Amaya Reyes-Hatfield, pictured with her mother Breanna Hatfield and grandmother Teri Farley, is raising money for her trip to Boston in July for the week-long summer exploration program she was selected for.

When the National Youth Leadership Forum program awarded 11-year-old Amaya Reyes-Hatfield her acceptance letter to participate in a week-long summer event of scientific exploration, it came as a surprise. The “Pathways to STEM” is a leadership program set forth to include America’s high-achieving students to explore a career journey into science, technology, engineering and math.

Her name had been submitted by Chris Mayes, Hawthorne Elementary School Counselor and her fifth grade teacher, Jamar Covington, who recognized her as one of the potential students to succeed in such a field.

“I was surprised when a golden invitation came in the mail saying that I had been selected to choose from 12 different places to attend this program. I earned a $500 scholarship from an essay I wrote which helped, but since I was picked I started a fundraising campaign to pay for my trip costs,” Reyes-Hatfield shared.

Since choosing Boston as her destination, she has posted a donation can with a full presentation board at her mother’s G & B Bistro shop, located on E Street, as well as presenting a snow-cone sale during Armed Forces weekend and setting up lemonade stands. Earning her way has been a challenge but every donation has been appreciated by her excitement to attend such a prestigious, week-long learning session.

Her grandparents, Doug and Teri Farley will accompany her, with plans to meet up with some family members while visiting the historic Boston Harbor, Paul Revere’s home and other monumental locations.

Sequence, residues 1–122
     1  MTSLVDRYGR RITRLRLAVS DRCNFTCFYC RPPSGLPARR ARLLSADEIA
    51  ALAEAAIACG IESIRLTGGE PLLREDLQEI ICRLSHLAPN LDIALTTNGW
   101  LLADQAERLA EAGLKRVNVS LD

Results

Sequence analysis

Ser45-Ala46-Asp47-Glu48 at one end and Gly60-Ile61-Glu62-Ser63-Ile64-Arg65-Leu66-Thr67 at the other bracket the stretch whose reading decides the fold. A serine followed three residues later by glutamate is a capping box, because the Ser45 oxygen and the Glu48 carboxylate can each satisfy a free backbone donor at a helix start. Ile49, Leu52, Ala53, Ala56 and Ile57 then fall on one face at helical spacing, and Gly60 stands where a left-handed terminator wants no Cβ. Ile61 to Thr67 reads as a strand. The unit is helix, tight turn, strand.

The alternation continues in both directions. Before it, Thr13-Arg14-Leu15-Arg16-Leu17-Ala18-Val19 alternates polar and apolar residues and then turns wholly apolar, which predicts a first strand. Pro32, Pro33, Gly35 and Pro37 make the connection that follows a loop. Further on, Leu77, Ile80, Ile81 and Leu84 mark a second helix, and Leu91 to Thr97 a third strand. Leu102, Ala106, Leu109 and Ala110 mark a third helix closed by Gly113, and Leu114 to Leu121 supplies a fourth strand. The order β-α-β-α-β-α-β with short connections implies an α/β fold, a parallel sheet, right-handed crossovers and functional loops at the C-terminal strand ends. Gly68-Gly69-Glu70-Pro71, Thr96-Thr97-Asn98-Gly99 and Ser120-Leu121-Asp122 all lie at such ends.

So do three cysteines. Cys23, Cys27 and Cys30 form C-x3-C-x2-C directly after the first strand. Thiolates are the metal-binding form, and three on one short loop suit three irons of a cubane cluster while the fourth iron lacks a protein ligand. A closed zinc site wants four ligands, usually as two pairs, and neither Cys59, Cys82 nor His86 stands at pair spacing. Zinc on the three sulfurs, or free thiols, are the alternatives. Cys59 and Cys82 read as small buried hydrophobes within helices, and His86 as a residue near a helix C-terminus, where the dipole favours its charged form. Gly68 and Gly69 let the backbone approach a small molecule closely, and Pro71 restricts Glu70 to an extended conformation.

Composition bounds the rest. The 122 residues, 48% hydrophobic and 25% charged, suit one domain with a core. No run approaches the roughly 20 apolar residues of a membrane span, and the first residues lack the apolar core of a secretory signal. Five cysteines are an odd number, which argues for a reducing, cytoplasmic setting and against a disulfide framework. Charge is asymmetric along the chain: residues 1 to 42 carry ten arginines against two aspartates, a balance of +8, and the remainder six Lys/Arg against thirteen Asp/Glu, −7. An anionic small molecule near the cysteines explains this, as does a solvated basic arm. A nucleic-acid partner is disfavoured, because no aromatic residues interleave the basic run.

Reyes-Hatfield will be housed at the Babson University dorms, along with her age group of third through fifth grade students. She will be participating with students from within the United States and is hoping to build her strengths in math and study science through the Envision Program. Her personal focus is in forensic science, with her last paper being done on DNA which she will bring to the program on opening day.

This explorations program began in 1985, serving over 800,000 students in more than 145 countries. Designed to create an early pathway toward careers and leadership, it is a hands-on experience to tap into a child’s natural curiosity while challenging the mind. During the six day’s they will build robots, investigate ‘whodunit’ crimes, scrub in like doctors that work with microscopes and find a variety of role-playing exercises to stimulate problem-solving. The students will also build their presentation skills and goal-setting.

Breanna Hatfield, her mother, stated, “It seems unreal that my daughter can receive such an opportunity like this, coming from such a small town and all. I appreciate that her achievements and academics have been recognized already and she can only grow from here. This will challenge her and help her determine what she wants to do.”

A Go-Fund-me page has been set up, as well as the donation can at G & B Bistro, to offset all the costs of this upcoming July experience.